Author Topic: question on wood movement with breadboard ends  (Read 3652 times)

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Offline Matthewajones

  • Posts: 206
question on wood movement with breadboard ends
« on: December 19, 2015, 07:17 PM »
If I laminate a 3 inch thick table top that will have breadboard ends. Should I still fabricate the ends so they float to allow movement?  I  plan on using 5/4 rift sawn white oak to make the top.
Any and all input is appreciated.

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Online Bohdan

  • Posts: 877
Re: question on wood movement with breadboard ends
« Reply #1 on: December 19, 2015, 08:31 PM »
Unless you have a constant climate room in which to keep the table and the timber has been acclimatized for a long time in the room the top will shrink and expand far more in width than the ends will change in length. If you don't allow the movement the top will split, either on the joins or thru the timber.

Offline Linbro

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Offline tjbnwi

  • Posts: 5701
  • Cedar Tucky Indiana
Re: question on wood movement with breadboard ends
« Reply #3 on: December 19, 2015, 09:27 PM »
Quater sawn and rift sawn lumber are both very stable. They expand in thickness more than width or length.

Plan for some movement but not as much as plain sawn.

Tom

Offline Matthewajones

  • Posts: 206
Re: question on wood movement with breadboard ends
« Reply #4 on: December 19, 2015, 09:43 PM »
So laminating the 3 inch slab and staggering the joints won't eliminate enough of the movement?

Offline tjbnwi

  • Posts: 5701
  • Cedar Tucky Indiana
Re: question on wood movement with breadboard ends
« Reply #5 on: December 19, 2015, 10:31 PM »
I do not see the size of the slab mentioned.

What do you mean by "laminate" the 3" slab? Define what/how the laminations will be created?

Tom

Offline Jesse Cloud

  • Posts: 1722
  • Festooling at the end of a dirt road in New Mexico
Re: question on wood movement with breadboard ends
« Reply #6 on: December 19, 2015, 11:58 PM »
If you laminate the pieces with the same orientation, even if the joints are staggered, there will be little change in the movement - it still move a significant amount.  If you run the laminations at 90 degree angles, as in plywood, it will soon break apart.

The reason laminates like plywood don't move is twofold: 1)the plys are at 90 degrees, and want to move in different directions and 2) the plys are very thin, and less susceptible to movement.

The purpose of a breadboard end is just for show - it hides the end grain.  It does not stop movement.  The breadboard captures a thin tenon from the slab in a groove in the breadboard.  Only the middle of the slab is glued or permanently fixed.  The rest is allowed to float and move.  The slab will grow and shrink in and out of the breadboard.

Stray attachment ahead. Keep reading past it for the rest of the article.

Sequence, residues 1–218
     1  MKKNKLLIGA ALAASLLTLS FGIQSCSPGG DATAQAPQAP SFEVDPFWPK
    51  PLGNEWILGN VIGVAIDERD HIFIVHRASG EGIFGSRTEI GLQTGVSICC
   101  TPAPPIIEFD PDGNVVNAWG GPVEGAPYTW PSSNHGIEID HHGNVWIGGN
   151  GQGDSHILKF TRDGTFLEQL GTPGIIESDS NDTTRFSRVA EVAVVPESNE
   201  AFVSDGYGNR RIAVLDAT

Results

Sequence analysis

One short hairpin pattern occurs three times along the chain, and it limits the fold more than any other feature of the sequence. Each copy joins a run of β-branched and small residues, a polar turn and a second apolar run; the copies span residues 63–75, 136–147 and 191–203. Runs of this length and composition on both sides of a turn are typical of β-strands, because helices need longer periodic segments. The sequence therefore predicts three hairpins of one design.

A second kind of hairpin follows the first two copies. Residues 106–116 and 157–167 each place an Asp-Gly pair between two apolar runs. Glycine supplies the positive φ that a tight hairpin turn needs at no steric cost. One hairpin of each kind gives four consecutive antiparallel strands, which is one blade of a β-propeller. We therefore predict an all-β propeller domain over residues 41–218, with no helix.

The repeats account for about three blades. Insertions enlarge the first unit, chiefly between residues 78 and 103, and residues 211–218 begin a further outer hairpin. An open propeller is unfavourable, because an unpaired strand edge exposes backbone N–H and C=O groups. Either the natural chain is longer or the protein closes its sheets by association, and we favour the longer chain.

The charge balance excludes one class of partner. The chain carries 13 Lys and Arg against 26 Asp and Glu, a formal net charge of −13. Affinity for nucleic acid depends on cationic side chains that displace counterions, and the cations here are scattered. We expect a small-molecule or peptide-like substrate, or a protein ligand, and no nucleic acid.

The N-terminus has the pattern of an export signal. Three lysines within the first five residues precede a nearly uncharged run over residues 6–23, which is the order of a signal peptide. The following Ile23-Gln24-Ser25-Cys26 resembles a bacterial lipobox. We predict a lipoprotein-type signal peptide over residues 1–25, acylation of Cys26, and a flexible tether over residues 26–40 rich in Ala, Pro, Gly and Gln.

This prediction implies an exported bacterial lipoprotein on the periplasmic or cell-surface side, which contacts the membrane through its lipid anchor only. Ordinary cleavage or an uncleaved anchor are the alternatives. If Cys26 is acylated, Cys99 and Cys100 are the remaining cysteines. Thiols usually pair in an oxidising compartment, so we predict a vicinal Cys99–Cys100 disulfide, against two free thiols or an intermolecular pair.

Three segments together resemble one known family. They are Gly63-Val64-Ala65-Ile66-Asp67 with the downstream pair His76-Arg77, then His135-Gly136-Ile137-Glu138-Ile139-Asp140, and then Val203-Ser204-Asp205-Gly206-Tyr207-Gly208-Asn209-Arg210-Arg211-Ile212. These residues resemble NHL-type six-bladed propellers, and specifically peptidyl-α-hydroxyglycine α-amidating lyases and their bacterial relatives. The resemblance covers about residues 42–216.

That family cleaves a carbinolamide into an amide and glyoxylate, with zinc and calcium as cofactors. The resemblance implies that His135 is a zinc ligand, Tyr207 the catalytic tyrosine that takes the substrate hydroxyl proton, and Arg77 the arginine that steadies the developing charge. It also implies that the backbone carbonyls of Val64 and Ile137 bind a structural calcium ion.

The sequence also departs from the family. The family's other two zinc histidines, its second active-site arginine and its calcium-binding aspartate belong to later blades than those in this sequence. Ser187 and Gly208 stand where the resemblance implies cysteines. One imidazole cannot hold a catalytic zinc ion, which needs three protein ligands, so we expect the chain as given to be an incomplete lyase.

For a slab that thick, I would suggest leaving the ends open and attaching the slab to the base only at the center.  You might add some battens at the bottom of the slab to encourage the slab to stay flat, but attach them with screws through slots that allow for movement.

Offline Untidy Shop

  • Posts: 2664
Re: question on wood movement with breadboard ends
« Reply #7 on: December 20, 2015, 02:14 AM »
Using the experience of The Bicycle Cafe [see reply #3], in the following thread I discuss how I recovered a movement issue with vertically laminated recycled Australian Mountain Ash Countertop -

http://festoolownersgroup.com/member-projects/my-magnificent-failure-(and-recovery)/msg281207/#msg281207

The first image is a recent photograph of the Counter Top installed on a renovated Island Cabinet. It was attached using Domino Block Buttons which allow movement in a similar way to commercial table buttons.

The second image is a countertop with no bread boarding made by laminating 15mm thick strips of recycled Merbu Decking. This had more staggered joins than the Ash top. Being thicker there has been little movement.

Both Countertops were finished with OrganOil Hard Burnishing Oil following the Festool Surefix instructions. The Merbu was also waxed.

@thebicyclecafe
@Linbro
« Last Edit: December 20, 2015, 02:26 AM by Untidy Shop »
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Offline Matthewajones

  • Posts: 206
Re: question on wood movement with breadboard ends
« Reply #8 on: December 20, 2015, 12:12 PM »
Thanks for all your input. I am planning to laminate the top with 3 layers of 5/4 rift sawn white oak, edge glued and laminated together with staggered joints and flipping grain orientation, no wider than 10 inches so as to joint, edge and plane each glued up slab prior to edge gluing each dressed slab for a 39x84 inch table top. It will have 2 turned pedestal bases that will keep the top floating. It seems the general concensus is to just assume the wood is going to move so I will make the necessary fabrication adjustments to the breadboards.

Offline JimD

  • Posts: 344
Re: question on wood movement with breadboard ends
« Reply #9 on: February 03, 2016, 08:21 PM »
Yep.  Wood moves.  If you apply a finish to all sides that sheds water (like poly) you can slow it a lot but it is still going to want to move.  That table top is wide enough to have significant movement.  You have to allow for it in the design, as you said.